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CONSERVATIVE tree

In the midst of the EU referendum frenzy I think it is important to set out two reasons why, whichever side wins next Thursday, the Conservative Party needs to act stoically. Like many others, I feel passionately and overwhelmingly for one side, but at times like this we all need to take a step back and consider things. If there must be changes after either a Remain or Leave victory next Thursday, they should be done quickly and then we should move on together.

Policy will still need fixing on June 24th whoever wins

The first reason is that whatever people think about Europe, there are many other equally important issues.

Take, for example, the issue of home ownership and housing. Whenever I spoke to our MPs, either before or when I was working in Number Ten, they usually supported home ownership. Thatcherites loved the spread of self-reliance and wealth. One Nation Tories loved the greater dispersion of opportunity and stability. Cynics loved the fact that home owners voted for us.

Home ownership needs sufficient homes built to flourish. We are currently building 145,000 homes a year. Despite this being the highest number this decade, it is at least 100,000 below what we need. It is also not increasing – the number of new homes started is reasonably stagnant. It might be true there is a house price bubble, but rents (which are much less frothy) are rising well ahead of inflation and wages, from 2.6 per cent to 4 per cent depending on what index you look at.

Of course, fewer migrants need fewer homes. So you might think Brexit would automatically fix this. But actually it is more complex than that. The structure of the UK development industry requires rising land prices (which the current low inflation environment makes worse) and encourages developers to build slowly (though they do not ‘land bank’ in the conventional sense).

Developers take on debt to purchase land upfront and so they need land prices to rise over the period they are building – so at the end the land is not worth less than what they paid for it. And land prices only rise if supply is insufficient to meet demand. So if immigration fell, over time housing supply would also fall to a new equilibrium – still below demand. The referendum will not fix this.

And this basic core issue in housing is just one part of the puzzle: many other issues such as design and infrastructure also remain. The Communities Department needs to stop trying to reorganise the shires into unhelpful three-tier sub-regional arrangements, and focus more on the housing crisis. Brandon Lewis is ready to take action. Yet if the party is at open war, no Minister will be able to take the measures necessary to solve this issue or any other issue.

On such issues as housing, politicians from both sides of the party in the referendum are united on the need for action. Through internal debate within our party, I am optimistic we can generally get to the right answer. But this means we need to be prepared to listen to each other and debate, not just see the losing side sulk for the next few years.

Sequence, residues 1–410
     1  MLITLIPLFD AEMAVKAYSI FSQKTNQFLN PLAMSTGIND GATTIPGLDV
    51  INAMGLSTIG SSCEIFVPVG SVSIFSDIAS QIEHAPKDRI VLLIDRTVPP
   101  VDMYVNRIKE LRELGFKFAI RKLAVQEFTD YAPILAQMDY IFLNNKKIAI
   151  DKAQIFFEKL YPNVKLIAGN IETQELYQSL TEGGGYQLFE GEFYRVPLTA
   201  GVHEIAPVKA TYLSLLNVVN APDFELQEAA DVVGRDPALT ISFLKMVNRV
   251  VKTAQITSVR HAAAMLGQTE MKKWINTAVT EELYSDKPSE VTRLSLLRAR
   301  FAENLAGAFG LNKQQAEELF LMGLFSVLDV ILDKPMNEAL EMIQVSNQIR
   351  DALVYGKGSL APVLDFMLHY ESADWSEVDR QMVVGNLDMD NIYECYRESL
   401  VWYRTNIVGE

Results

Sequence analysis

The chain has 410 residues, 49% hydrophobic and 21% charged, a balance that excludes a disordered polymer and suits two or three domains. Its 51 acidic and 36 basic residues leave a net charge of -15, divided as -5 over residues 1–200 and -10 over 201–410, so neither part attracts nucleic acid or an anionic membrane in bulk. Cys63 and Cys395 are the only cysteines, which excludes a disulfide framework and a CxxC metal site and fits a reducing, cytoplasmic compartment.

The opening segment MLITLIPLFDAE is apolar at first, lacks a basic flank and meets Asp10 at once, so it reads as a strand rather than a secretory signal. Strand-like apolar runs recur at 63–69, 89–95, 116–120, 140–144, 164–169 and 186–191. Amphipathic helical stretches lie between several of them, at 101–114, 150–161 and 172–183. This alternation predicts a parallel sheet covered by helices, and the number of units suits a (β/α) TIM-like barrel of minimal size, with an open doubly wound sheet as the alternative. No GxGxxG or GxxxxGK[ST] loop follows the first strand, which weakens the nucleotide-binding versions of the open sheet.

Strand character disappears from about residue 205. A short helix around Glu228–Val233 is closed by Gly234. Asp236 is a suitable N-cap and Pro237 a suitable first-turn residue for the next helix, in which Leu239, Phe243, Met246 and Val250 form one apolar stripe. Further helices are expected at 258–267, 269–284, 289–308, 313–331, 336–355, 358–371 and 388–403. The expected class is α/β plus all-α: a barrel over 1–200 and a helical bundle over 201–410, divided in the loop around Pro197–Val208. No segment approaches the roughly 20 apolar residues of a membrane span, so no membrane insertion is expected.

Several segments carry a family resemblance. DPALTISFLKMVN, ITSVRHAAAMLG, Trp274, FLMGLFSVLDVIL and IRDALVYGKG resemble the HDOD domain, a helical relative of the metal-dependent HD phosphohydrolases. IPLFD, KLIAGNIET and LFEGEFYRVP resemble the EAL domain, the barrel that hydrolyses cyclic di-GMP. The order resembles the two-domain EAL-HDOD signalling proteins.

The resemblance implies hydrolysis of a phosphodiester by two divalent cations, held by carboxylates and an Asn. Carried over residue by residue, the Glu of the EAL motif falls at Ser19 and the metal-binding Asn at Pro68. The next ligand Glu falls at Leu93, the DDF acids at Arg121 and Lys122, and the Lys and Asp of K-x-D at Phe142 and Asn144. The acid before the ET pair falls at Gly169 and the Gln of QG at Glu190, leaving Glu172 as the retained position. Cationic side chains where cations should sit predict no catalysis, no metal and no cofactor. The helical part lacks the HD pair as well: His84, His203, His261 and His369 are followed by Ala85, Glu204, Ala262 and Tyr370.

Housing is just one of many issues that we as a party need to tackle over the next few years. Europe is not the be all and end all. The voters will never forgive us if we think that is the case.

The tide of history washes away temporary defeats

The other key reason not to fight is that if your side loses, but you are in the right, it will be only be a temporary defeat. If Leave win, and over the next two years the EU can genuinely reform itself, while the UK struggles to carve new trading deals, a reformed EU will see the UK seeking to rejoin. If Remain win, and there is an ongoing Eurozone and refugee crisis resulting in yet more unwanted EU centralisation, the pressure for another vote will be unstoppable.

I do not believe the British people are stupid enough to either tolerate a genuinely federal EU, or stagnant living standards as Europe surges ahead. So if your side loses, but it is proved right by the ebb and flow of events, you will find that the narrow margin on June 23rd is not enough to hold back change over the next decade or so.

Whichever choice we make will only succeed if it goes with the tides of history. So once the British people have cast their votes we must accept ‎their verdict, see where the tide takes us, and move on to other issues. It will be up to both sides of the party to come together, disown any extremists who seek to wreck the party in the aftermath of their loss, and get on with the business of governing.

And with that thought, enjoy the last week of campaigning!

PS: Some additional thought on ‘experts’.

I have enjoyed the commentariat discussing the shocking disdain shown for “experts” by voters in the past couple of weeks, and attempts to elide the ‘expertise’ of macroeconomists and the political commentariat with groups such as pilots or doctors, demanding that political and economic ‘expert’ pronouncements are treated with more respect.

Of course, if such experts had the same success rate as airline pilots or doctors they might receive more respect – whereas if, for example, pilots or doctors had the same success rate as such ‘experts’ I think most of us would still travel overseas via boat and use the local herbalist instead…

134 comments for: The Europe decision. Yes, it’s important – even vital. But it really isn’t the be-all and end-all of Britain politics.

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